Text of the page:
The results of Chevron's disclosure tomorrow morning could be pivotal in the company's politically charged battle to buy Unocal.
SAN FRANCISCO — The stakes will be higher than usual tomorrow morning when Chevron discloses its second-quarter earnings — the results could be pivotal to the company’s politically charged battle to buy Unocal.
The financial report for the three months ended in June will carry added punch because it’s likely to influence the price of Chevron’s stock, which is being used to pay for 60 percent of the company’s Unocal bid.
If Chevron’s quarterly profit is impressive enough to boost the company’s stock price, then the Unocal offer becomes worth more than its value of $17.3 billion, or $64.07 per share, based this afternoon’s trading on the New York Stock Exchange.
As Chevron’s bid becomes more valuable, it becomes more difficult for China’s government-owned CNOOC Ltd. to overcome the prickly political opposition to its rival bid and persuade Unocal shareholders to accept its higher all-cash offer of $18.1 billion, or $67 per share.
On the flip side, a poor quarter from Chevron might depress its stock price, causing Unocal shareholders to override the recommendation of Unocal’s board and reject Chevron’s offer in a vote scheduled Aug. 10.
Tomorrow’s earnings announcement comes at a crucial juncture for Chevron and Unocal. Both companies began meeting with Unocal’s major shareholders today to drum up support for Chevron’s bid. The meetings are expected to continue for at least another week.
Propelled by persistently high oil prices, Chevron appears more likely to exceed the consensus analyst estimate of $1.69 per share than to fall below it, said Oppenheimer & Co. analyst Fadel Gheit.
The consensus analyst estimate serves as a benchmark that typically influences the direction of a company’s stock after earnings are announced.
Although he is projecting second-quarter earnings of $1.70 per share, Gheit said he won’t be surprised if Chevron’s results are at least 10 cents per share above that figure.
“All the industry signs I have seen so far point in that direction,” Gheit said. “And if (Chevron’s) stock moves up on strong earnings and bullish comments from management, then it would be very difficult for CNOOC to go high enough to win.”
Two of the world’s largest oil companies, Exxon Mobil and Royal Dutch Shell PLC, today reported that their second-quarter profits rose by about one-third, buoyed by high prices for oil and gas and rising worldwide fuel consumption.
CNOOC, part of the China National Offshore Oil Corp., already has been authorized to raise its Unocal bid to $69 per share, according to documents filed earlier this week with the Securities and Exchange Commission. But CNOOC Chairman Fu Chengyu declined to up the ante unless Unocal agreed to pay a $500 million fee that will be triggered if the deal with Chevron isn’t completed.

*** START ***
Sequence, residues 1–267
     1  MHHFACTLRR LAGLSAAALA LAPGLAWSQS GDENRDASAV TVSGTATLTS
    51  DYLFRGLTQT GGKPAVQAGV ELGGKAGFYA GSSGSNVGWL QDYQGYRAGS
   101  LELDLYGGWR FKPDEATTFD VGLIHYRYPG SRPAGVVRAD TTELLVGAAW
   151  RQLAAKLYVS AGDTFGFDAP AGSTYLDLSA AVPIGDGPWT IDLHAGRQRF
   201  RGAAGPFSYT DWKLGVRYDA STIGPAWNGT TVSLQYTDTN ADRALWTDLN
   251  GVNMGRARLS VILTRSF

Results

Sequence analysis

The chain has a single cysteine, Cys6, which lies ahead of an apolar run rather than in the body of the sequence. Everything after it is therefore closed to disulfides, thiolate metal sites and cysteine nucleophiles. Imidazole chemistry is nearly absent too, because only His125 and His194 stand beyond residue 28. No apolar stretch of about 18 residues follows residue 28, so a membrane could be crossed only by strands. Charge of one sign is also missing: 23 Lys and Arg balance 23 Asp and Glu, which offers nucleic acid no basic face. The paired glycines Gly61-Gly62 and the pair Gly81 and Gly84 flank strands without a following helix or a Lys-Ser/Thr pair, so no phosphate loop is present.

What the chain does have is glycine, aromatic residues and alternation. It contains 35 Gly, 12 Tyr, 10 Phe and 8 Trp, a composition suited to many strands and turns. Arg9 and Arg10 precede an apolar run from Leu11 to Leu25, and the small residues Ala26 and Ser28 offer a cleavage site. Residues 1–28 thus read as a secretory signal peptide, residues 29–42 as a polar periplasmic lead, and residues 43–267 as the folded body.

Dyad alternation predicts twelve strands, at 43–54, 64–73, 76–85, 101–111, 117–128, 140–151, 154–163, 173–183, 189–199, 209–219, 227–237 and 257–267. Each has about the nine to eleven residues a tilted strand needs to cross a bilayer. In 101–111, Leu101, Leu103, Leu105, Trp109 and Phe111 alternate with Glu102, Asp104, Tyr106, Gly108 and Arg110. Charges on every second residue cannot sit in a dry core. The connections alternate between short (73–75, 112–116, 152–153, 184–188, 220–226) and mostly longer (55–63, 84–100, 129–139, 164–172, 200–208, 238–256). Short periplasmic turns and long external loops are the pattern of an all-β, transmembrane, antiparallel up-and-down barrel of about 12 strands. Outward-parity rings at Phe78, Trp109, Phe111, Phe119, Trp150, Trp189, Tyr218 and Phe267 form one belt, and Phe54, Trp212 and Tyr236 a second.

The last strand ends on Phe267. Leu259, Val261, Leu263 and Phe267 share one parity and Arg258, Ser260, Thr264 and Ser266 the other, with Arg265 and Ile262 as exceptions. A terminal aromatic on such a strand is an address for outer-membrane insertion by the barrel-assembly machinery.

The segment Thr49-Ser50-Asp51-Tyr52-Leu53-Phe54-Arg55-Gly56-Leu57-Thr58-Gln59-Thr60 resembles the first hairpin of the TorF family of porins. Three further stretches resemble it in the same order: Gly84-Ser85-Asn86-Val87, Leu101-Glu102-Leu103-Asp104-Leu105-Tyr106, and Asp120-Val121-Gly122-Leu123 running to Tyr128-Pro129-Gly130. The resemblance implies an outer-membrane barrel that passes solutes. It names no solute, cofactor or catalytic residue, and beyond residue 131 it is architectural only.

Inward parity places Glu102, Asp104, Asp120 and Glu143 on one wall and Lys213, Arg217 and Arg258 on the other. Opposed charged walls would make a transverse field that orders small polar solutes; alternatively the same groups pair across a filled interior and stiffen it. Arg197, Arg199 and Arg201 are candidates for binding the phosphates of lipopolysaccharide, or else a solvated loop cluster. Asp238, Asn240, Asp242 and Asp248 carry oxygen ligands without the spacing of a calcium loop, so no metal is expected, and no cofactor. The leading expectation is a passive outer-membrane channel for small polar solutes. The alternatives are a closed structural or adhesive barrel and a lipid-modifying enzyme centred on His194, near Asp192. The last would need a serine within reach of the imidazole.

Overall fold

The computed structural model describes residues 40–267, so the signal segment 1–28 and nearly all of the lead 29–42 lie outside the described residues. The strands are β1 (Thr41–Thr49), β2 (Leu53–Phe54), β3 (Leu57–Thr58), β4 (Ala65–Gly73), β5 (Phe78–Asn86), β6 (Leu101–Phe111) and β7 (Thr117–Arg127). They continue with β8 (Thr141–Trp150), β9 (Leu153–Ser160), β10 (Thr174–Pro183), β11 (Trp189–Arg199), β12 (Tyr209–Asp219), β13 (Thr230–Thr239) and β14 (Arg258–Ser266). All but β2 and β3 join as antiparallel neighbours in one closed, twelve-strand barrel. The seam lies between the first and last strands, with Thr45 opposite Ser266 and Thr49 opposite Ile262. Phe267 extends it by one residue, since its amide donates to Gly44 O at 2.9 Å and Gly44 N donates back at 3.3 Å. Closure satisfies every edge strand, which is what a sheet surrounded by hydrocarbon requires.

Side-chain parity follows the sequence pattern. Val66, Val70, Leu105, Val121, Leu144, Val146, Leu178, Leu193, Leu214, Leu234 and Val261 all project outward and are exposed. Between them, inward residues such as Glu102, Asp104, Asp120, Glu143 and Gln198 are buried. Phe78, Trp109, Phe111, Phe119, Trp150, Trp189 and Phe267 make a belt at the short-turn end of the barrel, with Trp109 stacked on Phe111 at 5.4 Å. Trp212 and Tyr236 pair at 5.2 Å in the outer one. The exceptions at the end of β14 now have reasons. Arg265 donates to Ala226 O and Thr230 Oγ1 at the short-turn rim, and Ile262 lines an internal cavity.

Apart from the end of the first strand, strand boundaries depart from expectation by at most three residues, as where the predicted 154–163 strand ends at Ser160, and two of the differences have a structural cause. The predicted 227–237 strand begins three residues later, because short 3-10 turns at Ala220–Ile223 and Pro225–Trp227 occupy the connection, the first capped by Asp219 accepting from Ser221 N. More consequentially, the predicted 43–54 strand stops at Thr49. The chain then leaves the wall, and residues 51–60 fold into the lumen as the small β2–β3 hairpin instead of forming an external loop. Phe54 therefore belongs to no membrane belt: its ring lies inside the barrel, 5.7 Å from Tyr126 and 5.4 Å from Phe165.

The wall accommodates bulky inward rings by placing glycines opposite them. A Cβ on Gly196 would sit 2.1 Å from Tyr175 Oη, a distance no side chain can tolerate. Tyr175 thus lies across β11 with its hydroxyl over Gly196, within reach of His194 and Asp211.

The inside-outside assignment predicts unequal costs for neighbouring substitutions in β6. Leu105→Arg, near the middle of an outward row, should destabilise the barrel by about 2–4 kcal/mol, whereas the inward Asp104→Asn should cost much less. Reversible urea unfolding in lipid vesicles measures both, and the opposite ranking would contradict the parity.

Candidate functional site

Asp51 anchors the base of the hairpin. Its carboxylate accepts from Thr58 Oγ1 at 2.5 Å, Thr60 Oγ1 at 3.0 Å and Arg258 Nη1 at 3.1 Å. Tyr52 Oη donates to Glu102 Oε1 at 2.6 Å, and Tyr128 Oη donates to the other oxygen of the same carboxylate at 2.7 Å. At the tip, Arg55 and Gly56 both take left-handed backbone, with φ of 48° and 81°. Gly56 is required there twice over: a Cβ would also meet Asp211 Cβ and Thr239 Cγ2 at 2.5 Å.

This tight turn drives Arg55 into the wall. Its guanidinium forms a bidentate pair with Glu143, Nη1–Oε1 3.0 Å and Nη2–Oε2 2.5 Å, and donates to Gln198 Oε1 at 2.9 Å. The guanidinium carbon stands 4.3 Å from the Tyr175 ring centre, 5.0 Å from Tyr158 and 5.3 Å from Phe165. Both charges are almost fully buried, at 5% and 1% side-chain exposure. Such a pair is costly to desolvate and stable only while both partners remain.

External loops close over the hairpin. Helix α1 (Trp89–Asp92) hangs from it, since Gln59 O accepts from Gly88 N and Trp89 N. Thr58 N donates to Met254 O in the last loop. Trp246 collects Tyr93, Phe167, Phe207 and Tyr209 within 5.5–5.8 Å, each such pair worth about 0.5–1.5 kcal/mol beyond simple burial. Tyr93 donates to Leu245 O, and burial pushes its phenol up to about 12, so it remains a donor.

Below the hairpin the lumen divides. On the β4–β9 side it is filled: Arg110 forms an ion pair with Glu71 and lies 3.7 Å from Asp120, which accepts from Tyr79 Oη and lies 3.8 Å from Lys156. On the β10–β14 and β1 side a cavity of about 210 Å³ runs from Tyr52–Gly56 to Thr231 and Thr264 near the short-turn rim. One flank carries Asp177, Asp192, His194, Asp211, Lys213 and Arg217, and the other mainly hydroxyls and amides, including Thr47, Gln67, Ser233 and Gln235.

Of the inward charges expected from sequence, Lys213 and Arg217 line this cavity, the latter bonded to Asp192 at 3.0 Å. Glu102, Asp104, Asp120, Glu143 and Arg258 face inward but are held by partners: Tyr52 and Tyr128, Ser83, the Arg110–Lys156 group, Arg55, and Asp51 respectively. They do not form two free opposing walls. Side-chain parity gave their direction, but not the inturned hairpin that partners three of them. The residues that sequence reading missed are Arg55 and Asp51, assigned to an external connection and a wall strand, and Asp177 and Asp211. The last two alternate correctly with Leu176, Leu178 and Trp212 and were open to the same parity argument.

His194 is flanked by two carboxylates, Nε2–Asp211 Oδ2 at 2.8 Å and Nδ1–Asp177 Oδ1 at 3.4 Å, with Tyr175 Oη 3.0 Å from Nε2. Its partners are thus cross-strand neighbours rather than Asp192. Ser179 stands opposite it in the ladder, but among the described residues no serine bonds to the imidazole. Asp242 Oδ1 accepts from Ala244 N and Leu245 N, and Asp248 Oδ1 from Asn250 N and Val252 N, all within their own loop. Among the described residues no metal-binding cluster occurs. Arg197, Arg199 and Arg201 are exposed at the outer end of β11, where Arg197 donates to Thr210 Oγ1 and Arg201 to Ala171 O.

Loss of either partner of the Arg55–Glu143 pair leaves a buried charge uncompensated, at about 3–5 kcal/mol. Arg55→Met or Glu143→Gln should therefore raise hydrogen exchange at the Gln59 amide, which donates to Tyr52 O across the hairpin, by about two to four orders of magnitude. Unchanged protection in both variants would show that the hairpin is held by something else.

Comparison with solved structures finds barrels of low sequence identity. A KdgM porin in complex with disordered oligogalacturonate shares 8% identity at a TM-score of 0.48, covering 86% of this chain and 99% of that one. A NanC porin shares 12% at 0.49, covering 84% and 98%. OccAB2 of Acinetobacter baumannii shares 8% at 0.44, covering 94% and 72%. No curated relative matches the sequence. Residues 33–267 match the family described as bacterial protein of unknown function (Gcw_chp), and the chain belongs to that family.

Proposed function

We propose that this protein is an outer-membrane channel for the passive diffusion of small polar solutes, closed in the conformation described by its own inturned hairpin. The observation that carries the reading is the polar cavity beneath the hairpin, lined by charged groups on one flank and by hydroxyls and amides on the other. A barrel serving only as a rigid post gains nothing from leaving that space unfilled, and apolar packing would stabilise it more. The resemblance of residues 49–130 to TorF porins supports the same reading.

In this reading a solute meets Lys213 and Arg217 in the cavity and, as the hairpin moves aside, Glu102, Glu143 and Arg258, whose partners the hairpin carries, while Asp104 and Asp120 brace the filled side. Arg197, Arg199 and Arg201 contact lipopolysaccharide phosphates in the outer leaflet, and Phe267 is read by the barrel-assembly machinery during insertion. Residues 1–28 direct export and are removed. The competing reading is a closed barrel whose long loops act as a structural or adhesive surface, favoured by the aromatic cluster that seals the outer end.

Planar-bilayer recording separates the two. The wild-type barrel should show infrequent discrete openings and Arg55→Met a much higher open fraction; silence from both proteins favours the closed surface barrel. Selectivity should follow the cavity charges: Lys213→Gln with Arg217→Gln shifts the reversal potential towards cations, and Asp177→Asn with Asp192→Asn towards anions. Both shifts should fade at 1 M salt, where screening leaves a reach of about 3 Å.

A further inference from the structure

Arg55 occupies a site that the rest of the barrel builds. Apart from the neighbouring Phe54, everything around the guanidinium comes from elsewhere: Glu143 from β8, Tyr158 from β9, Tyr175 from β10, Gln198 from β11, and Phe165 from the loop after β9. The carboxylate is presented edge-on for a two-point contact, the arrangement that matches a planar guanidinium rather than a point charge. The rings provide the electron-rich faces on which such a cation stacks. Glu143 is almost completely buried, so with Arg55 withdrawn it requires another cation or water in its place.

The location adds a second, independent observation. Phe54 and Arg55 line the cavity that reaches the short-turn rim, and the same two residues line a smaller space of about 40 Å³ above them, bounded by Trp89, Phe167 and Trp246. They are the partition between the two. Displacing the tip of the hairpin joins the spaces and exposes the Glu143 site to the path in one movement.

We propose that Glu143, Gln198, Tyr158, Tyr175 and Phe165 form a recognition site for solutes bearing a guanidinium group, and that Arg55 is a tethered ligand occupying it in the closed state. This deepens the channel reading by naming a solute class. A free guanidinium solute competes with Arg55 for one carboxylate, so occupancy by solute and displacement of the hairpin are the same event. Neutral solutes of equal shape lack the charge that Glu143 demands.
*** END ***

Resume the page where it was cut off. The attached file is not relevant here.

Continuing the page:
A CNOOC spokesman declined to discuss the Chinese company’s bidding strategy.
Morningstar analyst Mark Optigrove, echoing the sentiment of many industry observers, expects CNOOC to raise its bid before Unocal’s Aug. 10 shareholder vote. “Chevron seems to have the advantage now, but I don’t think we have seen the end of this story,” he said.
Investors seem to doubt the bidding will move higher. Unocal’s shares stood at $65.22, up 25 cents, during Thursday’s trading on the New York Stock Exchange.
Unocal’s merger agreement doesn’t hinge on the fluctuations in Chevron’s stock price, said company spokesman Barry Lane.
But the final decision on Chevron’s proposed takeover will be made by Unocal’s shareholders — a group of capitalists generally interested in making as much money as possible.
Price, though, isn’t the sole consideration in this takeover tug-of-war because of the politics involved.
Congressional representatives have raised red flags about CNOOC’s bid, expressing concerns that the sale of a U.S. oil company to a company backed by communist China might raise national security risks _ fears that Chevron has played upon to rally support for its lower offer.
Lawmakers also have questioned whether the bidding field is unfairly tilted in CNOOC’s favor because the Chinese deal relies on government-subsidized financing that would be virtually impossible for a U.S. company to obtain.
The strident criticism of the CNOOC bid could lead to an extensive government review lasting six to nine months, ending with the deal being blocked and Unocal shareholders jilted at the altar. The risks of U.S. government intervention prompted Unocal to ask CNOOC to raise its 5-week-old bid even higher, to no avail so far.
If Chevron’s stock surges to significant gains after Friday’s earnings report, CNOOC may have to raise its offer to as high as $72 per share if it hopes to sway Unocal shareholders, Gheit said.
CNOOC is “playing with fire (by waiting),” Gheit said. “They have said that Unocal is a must-have asset for them, but they aren’t behaving in that fashion so far.”
The prospect of a Unocal takeover hasn’t done much for Chevron’s stock. The company’s shares are worth slightly less than their price of $59.31 just before the early April announcement of the Unocal deal.